Establishing the Student Careers Team

The aim of the Student Careers Team was to enhance the provision of careers education across the school by making use of the resources to hand: the students. Per Dalin estimated that 90 per cent of the intellectual capital and leadership potential of a school is underused, with 95 per cent of that underutilisation being within the student body, leading to students being described as a great untapped resource in our schools (Fink, 2009).

The Student Careers Team consisted of students, the Head of Careers and a ‘Business Volunteer’. The Student Careers Team ran for six years and students were replaced each year using an application process. A programme of sponsorship, raised from donations from local businesses willing to invest in the Student Careers Team, enabled the students to have funds to implement their ideas.

The application process was advertised in an assembly in the autumn term and was open to students in Year 10. Students had to complete application forms later reviewed by the existing team, in conjunction with the Business Volunteer.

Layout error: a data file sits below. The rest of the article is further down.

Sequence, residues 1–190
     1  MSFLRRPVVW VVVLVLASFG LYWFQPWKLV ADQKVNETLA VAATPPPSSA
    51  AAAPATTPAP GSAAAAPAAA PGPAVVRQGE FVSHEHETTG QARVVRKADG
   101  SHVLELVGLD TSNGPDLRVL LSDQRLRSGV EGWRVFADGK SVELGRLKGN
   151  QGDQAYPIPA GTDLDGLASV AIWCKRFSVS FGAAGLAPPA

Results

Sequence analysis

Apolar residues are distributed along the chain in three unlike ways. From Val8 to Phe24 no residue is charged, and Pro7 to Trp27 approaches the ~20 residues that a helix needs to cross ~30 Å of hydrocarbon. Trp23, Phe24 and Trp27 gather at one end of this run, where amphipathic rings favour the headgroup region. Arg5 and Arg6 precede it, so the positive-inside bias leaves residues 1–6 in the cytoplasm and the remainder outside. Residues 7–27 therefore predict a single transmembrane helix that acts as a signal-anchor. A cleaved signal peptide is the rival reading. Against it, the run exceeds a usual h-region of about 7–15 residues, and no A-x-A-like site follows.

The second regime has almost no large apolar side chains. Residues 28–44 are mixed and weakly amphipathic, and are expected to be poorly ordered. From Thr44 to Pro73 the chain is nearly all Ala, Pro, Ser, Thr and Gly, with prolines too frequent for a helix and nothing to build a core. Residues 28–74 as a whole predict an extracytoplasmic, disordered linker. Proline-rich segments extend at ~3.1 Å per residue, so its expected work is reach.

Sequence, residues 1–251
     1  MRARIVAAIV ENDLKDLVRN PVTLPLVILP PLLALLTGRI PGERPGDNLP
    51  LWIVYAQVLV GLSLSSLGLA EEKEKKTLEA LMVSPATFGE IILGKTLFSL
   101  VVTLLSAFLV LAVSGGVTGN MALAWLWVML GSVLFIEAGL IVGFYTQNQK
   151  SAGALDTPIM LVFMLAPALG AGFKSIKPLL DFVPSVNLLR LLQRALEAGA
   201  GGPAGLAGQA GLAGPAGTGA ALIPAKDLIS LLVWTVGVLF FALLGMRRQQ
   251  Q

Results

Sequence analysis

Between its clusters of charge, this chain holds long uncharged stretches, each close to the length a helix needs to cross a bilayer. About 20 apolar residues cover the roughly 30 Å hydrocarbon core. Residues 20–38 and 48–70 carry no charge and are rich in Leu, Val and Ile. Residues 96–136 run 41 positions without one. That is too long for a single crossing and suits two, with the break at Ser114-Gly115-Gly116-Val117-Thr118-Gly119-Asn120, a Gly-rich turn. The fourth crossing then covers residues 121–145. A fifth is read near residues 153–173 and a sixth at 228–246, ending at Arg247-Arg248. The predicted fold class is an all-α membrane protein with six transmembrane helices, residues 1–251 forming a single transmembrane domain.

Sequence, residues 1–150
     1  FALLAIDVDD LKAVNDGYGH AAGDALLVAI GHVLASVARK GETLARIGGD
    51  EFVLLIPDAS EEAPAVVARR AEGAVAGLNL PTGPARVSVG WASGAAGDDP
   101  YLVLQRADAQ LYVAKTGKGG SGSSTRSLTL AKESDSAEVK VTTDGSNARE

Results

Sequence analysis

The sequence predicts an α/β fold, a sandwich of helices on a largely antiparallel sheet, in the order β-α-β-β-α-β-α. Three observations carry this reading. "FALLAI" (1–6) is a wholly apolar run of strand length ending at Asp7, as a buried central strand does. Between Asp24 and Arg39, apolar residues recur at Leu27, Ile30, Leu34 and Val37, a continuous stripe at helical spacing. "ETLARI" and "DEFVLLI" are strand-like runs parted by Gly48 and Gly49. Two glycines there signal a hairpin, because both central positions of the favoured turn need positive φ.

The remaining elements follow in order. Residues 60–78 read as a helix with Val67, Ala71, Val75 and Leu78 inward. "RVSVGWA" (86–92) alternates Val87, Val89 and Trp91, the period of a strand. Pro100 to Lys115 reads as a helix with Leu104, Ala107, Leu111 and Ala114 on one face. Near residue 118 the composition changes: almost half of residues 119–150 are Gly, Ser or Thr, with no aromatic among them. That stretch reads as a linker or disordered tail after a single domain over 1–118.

The Business Volunteer was a parent volunteer who worked alongside the team. They were vital in the running of the Student Careers Team and helped to develop the students’ skills of delegation, establishing team member roles, taking minutes, time-management and logistics. The team met weekly for one hour after school with the Business Volunteer, discussing ideas and delegating roles and responsibilities.

To empower and equip the team, team members attended training workshops in careers guidance, visited local universities, attended careers fairs and spoke at local business networking breakfasts.